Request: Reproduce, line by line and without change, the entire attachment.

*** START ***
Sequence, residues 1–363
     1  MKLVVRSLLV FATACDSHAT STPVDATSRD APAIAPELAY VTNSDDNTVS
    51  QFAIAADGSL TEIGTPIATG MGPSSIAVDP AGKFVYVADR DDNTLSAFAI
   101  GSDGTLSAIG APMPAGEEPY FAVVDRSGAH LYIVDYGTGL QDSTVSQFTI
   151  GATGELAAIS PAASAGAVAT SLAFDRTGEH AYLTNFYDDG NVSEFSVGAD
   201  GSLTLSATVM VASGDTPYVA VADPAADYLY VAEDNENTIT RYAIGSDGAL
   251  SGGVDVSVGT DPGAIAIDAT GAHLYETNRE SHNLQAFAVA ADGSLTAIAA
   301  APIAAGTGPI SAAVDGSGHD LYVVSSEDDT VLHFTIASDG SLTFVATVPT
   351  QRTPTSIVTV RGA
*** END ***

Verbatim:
Sequence, residues 1–363
     1  MKLVVRSLLV FATACDSHAT STPVDATSRD APAIAPELAY VTNSDDNTVS
    51  QFAIAADGSL TEIGTPIATG MGPSSIAVDP AGKFVYVADR DDNTLSAFAI
   101  GSDGTLSAIG APMPAGEEPY FAVVDRSGAH LYIVDYGTGL QDSTVSQFTI
   151  GATGELAAIS PAASAGAVAT SLAFDRTGEH AYLTNFYDDG NVSEFSVGAD
   201  GSLTLSATVM VASGDTPYVA VADPAADYLY VAEDNENTIT RYAIGSDGAL
   251  SGGVDVSVGT DPGAIAIDAT GAHLYETNRE SHNLQAFAVA ADGSLTAIAA
   301  APIAAGTGPI SAAVDGSGHD LYVVSSEDDT VLHFTIASDG SLTFVATVPT
   351  QRTPTSIVTV RGA